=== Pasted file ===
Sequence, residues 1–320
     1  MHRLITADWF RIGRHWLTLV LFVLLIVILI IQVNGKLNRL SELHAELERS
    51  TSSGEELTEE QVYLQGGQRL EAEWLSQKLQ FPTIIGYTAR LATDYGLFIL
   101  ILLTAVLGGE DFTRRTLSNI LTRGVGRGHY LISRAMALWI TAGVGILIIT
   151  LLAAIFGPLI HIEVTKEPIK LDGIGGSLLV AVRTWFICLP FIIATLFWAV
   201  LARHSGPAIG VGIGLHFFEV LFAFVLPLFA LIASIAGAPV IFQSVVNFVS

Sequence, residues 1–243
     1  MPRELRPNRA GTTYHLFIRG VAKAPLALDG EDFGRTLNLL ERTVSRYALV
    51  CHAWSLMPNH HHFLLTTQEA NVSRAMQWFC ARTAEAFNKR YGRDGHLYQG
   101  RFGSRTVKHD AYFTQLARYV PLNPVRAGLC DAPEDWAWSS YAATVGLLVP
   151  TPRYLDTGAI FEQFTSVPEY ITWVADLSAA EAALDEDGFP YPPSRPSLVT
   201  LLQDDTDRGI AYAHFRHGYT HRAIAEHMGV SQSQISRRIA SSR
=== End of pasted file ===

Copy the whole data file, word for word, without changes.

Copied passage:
Sequence, residues 1–320
     1  MHRLITADWF RIGRHWLTLV LFVLLIVILI IQVNGKLNRL SELHAELERS
    51  TSSGEELTEE QVYLQGGQRL EAEWLSQKLQ FPTIIGYTAR LATDYGLFIL
   101  ILLTAVLGGE DFTRRTLSNI LTRGVGRGHY LISRAMALWI TAGVGILIIT
   151  LLAAIFGPLI HIEVTKEPIK LDGIGGSLLV AVRTWFICLP FIIATLFWAV
   201  LARHSGPAIG VGIGLHFFEV LFAFVLPLFA LIASIAGAPV IFQSVVNFVS

Sequence, residues 1–243
     1  MPRELRPNRA GTTYHLFIRG VAKAPLALDG EDFGRTLNLL ERTVSRYALV
    51  CHAWSLMPNH HHFLLTTQEA NVSRAMQWFC ARTAEAFNKR YGRDGHLYQG
   101  RFGSRTVKHD AYFTQLARYV PLNPVRAGLC DAPEDWAWSS YAATVGLLVP
   151  TPRYLDTGAI FEQFTSVPEY ITWVADLSAA EAALDEDGFP YPPSRPSLVT
   201  LLQDDTDRGI AYAHFRHGYT HRAIAEHMGV SQSQISRRIA SSR